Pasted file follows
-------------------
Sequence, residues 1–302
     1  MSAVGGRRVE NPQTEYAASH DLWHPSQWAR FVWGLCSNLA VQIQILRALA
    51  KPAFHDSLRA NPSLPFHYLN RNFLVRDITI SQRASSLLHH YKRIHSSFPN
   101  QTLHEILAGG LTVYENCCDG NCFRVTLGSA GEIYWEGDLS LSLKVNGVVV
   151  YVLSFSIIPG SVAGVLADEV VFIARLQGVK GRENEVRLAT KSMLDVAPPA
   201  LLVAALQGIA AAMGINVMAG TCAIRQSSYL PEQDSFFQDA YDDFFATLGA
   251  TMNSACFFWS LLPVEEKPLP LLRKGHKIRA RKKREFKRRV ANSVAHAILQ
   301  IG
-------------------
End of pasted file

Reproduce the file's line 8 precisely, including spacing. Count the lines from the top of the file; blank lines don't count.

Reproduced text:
   301  IG